School of Tourism host two events as part of the ESRC Festival of Social Science

Last week Debbie Sadd and Richard Shipway hosted events as part of the Economic and Social Research Council’s (ESRC) Festival of Social Science.

For Debbie’s event she invited pupils from three Dorset schools to come and debate the legacy of the London 2012: Olympics.

The students from Poole Grammar School, Budmouth College and Brockenhurst College visited Bournemouth University on Monday, and used a digital interactive tool to vote on questions including whether they believe the London 2012 Olympic Games were worth it, and if they think the Games will increase participation in sports.

They then heard presentations about the London 2012 Olympic Games and their potential legacy from speakers including Nigel Reed, from the Weymouth and Portland Chamber of Commerce – where Olympic sailing events took place – who spoke about the costs and benefits of the Games to the town.

Ian Jones, Community, Culture and Sport Manager at BU, told the pupils that the Olympics had led to a cycling club being established at the university with more than 250 active members, while BU graduate James Lee – who now works for GB Rowing – said more women had been inspired to take up the sport.

But they also heard that major sports events do not generally lead to an increase in sports participation, and different sporting governing bodies were now competing for extra funding.

The pupils then voted again, to see if their opinions of the Games had been altered by what they had heard.

Teacher Jo Ray had brought her AS Level PE Group from Budmouth College, in Weymouth.

She said that the event had been particularly useful as Olympic history and legacy is part of the A Level syllabus.

She said: “Everything we have heard is really key as part of the syllabus. I personally found it really interesting and I imagine the pupils will reflect back on the event and realise they learnt a lot.”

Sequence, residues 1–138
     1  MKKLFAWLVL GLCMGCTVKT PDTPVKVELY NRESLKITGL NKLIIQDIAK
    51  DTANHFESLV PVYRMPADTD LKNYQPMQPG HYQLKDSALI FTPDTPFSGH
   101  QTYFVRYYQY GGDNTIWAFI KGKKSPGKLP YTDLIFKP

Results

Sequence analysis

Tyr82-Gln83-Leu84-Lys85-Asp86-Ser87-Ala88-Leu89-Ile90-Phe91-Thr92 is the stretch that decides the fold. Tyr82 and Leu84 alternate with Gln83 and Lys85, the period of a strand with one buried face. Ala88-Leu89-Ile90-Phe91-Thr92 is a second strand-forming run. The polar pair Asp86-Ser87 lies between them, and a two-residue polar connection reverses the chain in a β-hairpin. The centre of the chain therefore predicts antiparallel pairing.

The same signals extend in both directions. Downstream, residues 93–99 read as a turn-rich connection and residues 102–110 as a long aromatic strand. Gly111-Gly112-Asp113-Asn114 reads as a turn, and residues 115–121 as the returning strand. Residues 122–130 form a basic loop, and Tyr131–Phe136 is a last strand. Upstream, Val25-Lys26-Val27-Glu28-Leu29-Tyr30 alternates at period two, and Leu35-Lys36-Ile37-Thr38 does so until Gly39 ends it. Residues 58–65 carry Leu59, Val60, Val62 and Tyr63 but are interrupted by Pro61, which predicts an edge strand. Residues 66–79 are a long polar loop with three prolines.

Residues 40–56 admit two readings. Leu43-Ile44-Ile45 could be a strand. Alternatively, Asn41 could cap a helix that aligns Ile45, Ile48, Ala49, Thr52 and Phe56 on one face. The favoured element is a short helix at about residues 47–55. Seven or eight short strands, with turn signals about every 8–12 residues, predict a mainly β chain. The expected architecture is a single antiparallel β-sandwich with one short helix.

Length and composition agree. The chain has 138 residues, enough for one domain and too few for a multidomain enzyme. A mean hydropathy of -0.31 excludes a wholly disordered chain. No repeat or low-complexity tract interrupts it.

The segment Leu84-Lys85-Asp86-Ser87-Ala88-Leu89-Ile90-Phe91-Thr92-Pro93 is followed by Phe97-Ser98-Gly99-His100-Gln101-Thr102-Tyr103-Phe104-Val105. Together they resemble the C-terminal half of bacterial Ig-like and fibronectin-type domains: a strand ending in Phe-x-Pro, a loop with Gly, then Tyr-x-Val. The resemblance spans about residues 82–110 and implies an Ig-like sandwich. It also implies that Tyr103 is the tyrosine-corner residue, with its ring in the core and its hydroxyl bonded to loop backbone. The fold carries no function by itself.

She added: “It is a fantastic opportunity to share knowledge with the university and it’s brilliant for us to come along to an event like this.”

Debbie, who was an Olympic torchbearer when it came through Dorset, added: “What they knew before they came here was what they picked up on TV and in newspapers, but we wanted them to see it was about more than winning gold medals.

“We want them to question more in the future and read more deeply into things and think about the different sides of the stories when it is something this big.

“It will be them who are affected in the future, so we want them to be able to question and ask about what the Olympic legacy will mean for them.”

Richard Shipway’s ESRC event took place on Friday and was also about the London 2012 Olympic legacy. “Going for Gold: Leveraging Post Olympic Tourism Legacies” investigated the potential for the London Olympics to generate tourism benefits after the hosting of the Games.

The event incorporated the experiences of both academics and industry practitioners involved in the 2012 Games and other global mega events. The first session of the workshop featured key speakers including Chris Foy (Visit Britain); Philip Evans (Visit England), and Tom Jenkins from the European Tour Operators Association (ETOA).

This was followed by a second, academically grounded session featuring Professor Mike Weed (Canterbury Christchurch University); Dr Nancy Stevenson (University of Westminster) and Professor Adam Blake (Bournemouth University).  The day concluded with an audience debate on how best to leverage post-Olympic tourism legacies in the post 2012 era.

This workshop will form the basis of a proposed future agenda for research and public engagement linked to post Olympic tourism and will shortly be followed by a briefing paper that will support and inform future policy and practice linked to the tourism dimension of international sports events

Both events were a huge success and massive congratulations go to both Debbie and Richard on their events.

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